Clockwatching

January 6, 2009

Last night, I curled up in bed with my little girl. She lay her head against my arm and gripped my fingers with her tiny hand and whispered, I want you to stay here, Mommy.

Yes, I said. I want you to stay here, too.

And then I rested my cheek against the crown of her head and closed my eyes and inhaled the sweet, soapy smell of baby shampoo, felt the silk of her hair, heard the whisper of her breath and I thought, I want you to stay here, like this, always, curled against me, warm, safe. And I thought, I want you to stay here, like this, for years and years to come, until the days when you and I no longer fit together in this wee bed, when you are grown and I am old and your arms are the stronger. When we will still find comfort in each other. When you will still be my baby, only grown.

I thought these things, and I looked up at the clock atop her dresser and watched as the minute hand took one deliberate click forward. I looked up at the clock and I wondered, how would it feel if I were counting these minutes? These hours? These days?

It is not possible to hold a child too close, or for too long.

A family lost a child this week. Maybe it was the famous family, the one that we are all reading about it and talking about. Or perhaps it was another family, a family unknown to us, a family in Burma or Kinshasa or the Gaza Strip or Oshawa, Ontario or Saguenay, Quebec. Perhaps it was many families; perhaps it was many children. We lose count; we stop paying attention. We stop paying attention, unless the child is lost to someone that we know, someone that we know of. Then we remember. Every hour of every day, somewhere, someone suffers what we fear most. What I fear most.

My family is losing a child. Our loss is not sudden; it will not be unexpected. It’s a slow loss, but an inevitable loss; the hands of the clock tick forward slowly, deliberately, inexorably. We count on those hands ticking slowly; we measure their movements carefully, reassuring ourselves that the pace holds steady, that there is no leap forward, that this particular clock never advances an unnecessary hour, that our days hold ample daylight. It’s a slow loss, but an inevitable one.

We are better off, of course, for the trickling pace of this loss. We have many days, many hours, with this child. Not near as many as we would like, but still: we have time to spend and cherish, time to postpone our goodbyes and to pretend that their place on the horizon will hold its distance. My sister can wrap her body around Tanner’s and feel the beat of his heart and the warmth of his breath; she can brush her hand across his forehead and whisper in his ear and assert her love for him in the now and know, as surely as his hand tightens around hers, that he hears her, that he knows. But the clock ticks over her head – over his – and she counts these hours, these minutes, these seconds. Every movement of the minute-hand is a movement lost, a moment lost, one minute less in a cherished life that is measured by the clock.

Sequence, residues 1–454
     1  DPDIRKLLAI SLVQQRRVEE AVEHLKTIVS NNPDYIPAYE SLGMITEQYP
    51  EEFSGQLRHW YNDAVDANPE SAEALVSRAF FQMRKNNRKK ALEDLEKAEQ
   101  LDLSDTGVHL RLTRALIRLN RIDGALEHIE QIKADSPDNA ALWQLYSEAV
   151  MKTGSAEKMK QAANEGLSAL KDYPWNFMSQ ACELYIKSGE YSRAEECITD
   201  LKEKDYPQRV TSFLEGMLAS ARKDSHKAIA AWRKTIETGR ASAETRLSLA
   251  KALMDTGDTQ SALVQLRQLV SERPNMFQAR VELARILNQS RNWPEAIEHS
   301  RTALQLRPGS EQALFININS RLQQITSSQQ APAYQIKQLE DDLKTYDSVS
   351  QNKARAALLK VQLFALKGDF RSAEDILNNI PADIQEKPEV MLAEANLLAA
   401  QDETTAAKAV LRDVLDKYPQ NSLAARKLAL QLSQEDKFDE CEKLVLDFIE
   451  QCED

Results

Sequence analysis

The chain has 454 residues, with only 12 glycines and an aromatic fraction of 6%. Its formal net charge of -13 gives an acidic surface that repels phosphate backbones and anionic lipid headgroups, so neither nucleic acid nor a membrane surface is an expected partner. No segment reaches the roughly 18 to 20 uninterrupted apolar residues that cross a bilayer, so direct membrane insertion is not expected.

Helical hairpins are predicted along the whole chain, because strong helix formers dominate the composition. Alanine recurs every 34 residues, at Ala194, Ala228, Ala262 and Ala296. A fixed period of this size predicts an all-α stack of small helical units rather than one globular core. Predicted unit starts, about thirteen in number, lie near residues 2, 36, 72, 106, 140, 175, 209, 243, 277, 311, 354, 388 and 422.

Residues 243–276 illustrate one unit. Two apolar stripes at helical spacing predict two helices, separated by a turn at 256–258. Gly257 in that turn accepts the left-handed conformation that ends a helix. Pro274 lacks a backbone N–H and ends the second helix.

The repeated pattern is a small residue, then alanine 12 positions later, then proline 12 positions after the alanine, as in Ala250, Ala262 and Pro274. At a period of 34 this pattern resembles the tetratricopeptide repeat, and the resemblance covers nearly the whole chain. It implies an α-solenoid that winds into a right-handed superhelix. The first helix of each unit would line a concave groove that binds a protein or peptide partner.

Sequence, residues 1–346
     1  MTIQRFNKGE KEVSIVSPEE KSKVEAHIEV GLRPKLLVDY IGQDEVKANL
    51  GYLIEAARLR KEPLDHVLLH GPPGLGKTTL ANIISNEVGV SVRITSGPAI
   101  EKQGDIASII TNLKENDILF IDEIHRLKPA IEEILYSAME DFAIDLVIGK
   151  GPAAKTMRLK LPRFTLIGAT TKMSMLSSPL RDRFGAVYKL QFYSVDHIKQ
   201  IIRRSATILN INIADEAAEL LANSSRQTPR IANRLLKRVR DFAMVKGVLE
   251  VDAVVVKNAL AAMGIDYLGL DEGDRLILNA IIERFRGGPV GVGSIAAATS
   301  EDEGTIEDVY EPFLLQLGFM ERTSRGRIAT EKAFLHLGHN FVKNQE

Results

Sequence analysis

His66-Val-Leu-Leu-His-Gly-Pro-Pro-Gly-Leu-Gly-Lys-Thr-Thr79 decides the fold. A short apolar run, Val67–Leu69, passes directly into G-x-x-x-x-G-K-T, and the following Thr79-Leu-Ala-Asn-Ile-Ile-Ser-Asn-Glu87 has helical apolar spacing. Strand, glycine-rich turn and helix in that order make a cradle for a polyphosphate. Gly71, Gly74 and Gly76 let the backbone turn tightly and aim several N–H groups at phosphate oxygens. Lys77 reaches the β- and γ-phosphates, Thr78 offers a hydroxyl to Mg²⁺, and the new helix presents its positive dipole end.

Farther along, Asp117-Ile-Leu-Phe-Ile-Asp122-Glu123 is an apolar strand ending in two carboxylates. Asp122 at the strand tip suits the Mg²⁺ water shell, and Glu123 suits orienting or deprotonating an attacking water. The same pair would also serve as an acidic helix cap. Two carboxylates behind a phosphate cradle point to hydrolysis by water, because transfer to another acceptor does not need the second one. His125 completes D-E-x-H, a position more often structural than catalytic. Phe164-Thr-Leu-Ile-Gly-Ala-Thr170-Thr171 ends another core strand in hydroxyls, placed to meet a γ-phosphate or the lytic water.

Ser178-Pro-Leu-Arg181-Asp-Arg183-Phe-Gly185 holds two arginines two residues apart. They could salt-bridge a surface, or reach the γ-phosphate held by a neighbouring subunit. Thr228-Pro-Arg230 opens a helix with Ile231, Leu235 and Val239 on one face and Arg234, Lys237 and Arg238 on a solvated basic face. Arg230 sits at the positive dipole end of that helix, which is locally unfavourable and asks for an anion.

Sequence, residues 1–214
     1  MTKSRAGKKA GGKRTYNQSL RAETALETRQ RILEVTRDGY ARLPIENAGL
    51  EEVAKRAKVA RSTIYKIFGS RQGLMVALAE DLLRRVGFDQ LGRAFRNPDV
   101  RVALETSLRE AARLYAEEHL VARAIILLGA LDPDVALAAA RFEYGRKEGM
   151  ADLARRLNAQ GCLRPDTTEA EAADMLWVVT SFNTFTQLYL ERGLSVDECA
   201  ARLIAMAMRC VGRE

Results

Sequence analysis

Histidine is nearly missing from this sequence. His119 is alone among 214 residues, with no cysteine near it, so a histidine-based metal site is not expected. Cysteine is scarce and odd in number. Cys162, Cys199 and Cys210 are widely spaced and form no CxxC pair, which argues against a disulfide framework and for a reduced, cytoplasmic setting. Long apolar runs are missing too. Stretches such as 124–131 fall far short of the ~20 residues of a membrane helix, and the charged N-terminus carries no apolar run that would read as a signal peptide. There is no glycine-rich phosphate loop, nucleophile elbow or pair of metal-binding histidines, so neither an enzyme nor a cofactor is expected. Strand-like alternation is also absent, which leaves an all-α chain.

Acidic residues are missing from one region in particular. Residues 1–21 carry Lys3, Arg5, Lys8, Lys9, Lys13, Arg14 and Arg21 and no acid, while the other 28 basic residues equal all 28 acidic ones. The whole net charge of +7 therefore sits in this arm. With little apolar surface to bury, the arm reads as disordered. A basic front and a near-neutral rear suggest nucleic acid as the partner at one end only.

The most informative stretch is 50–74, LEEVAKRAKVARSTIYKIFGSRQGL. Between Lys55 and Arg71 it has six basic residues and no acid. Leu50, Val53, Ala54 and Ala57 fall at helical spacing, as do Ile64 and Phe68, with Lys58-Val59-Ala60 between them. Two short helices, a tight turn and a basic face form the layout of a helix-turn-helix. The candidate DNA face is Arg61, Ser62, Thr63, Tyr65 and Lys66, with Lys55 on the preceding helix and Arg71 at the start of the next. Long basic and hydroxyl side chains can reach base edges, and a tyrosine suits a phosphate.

My mother called on Christmas Eve, a thick edge to her voice, the edge of a third glass of wine, the edge of regret seeking reassurance. I miss you so much, she said. I miss Emilia, and Jasper. I’ll bet Emilia’s so excited for Santa. She laughed, uncertainly. I wish we could be together. I wish I could be there, I would move there in a heartbeat, but I can’t be there, because I need to be here, with Tanner. A pause. He’s really gone downhill. He’s declining really quickly. He’s not going to last more than another few years, maybe. Another pause; the clink of a glass. After he’s gone…

- I know.

After he’s gone…

- I know.

After Tanner is gone, time will stop, and then it will start again, without him. I don’t like thinking about this. I was upset with my mother for reminding me of this on a night that I wanted to spend in thrall to the optimism of Christmas – fear not, for behold: I bring you good tidings of great joy, which shall be to all people – and to the sweet prospect of waking up to tiny pajamaed children filled with glee. I wanted my own now, free of sadness, free of the prospect of death, free of fear of that black hole of timelessness opening up and swallowing us all. I wanted to not walk through the valley of the shadow of death. I resented my mother for pulling me alongside her in her stroll. And that was wrong.

It was wrong because I am so, so fortunate to be able live my life with my own children, free of the clock, free of the incessant clang of the tolling bell, free of the the hourglass, the blind sands – free, at least, in my ignorance of, my deafness to, the tick, the clang, the passage of the sands that mark the time that passes for each of us. It was wrong because I am so fortunate, and I need to remain mindful of, and grateful for, that fortune. I can hold my daughter or my son and not think, here passes one more moment, here we move one step closer to death, here is one less embrace that we will share. I have a life with them, a now with them, that is free of visible shadows. I am blessed. And I am insufficiently appreciative of this blessing.